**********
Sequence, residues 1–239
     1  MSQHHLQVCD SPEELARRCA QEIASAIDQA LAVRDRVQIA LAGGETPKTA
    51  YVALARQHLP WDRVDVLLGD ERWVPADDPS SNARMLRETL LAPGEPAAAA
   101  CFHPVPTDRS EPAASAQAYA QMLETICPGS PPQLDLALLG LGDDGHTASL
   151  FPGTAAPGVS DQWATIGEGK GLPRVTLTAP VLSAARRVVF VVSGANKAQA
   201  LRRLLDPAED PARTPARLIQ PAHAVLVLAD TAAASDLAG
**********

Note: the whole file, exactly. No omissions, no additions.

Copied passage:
Sequence, residues 1–239
     1  MSQHHLQVCD SPEELARRCA QEIASAIDQA LAVRDRVQIA LAGGETPKTA
    51  YVALARQHLP WDRVDVLLGD ERWVPADDPS SNARMLRETL LAPGEPAAAA
   101  CFHPVPTDRS EPAASAQAYA QMLETICPGS PPQLDLALLG LGDDGHTASL
   151  FPGTAAPGVS DQWATIGEGK GLPRVTLTAP VLSAARRVVF VVSGANKAQA
   201  LRRLLDPAED PARTPARLIQ PAHAVLVLAD TAAASDLAG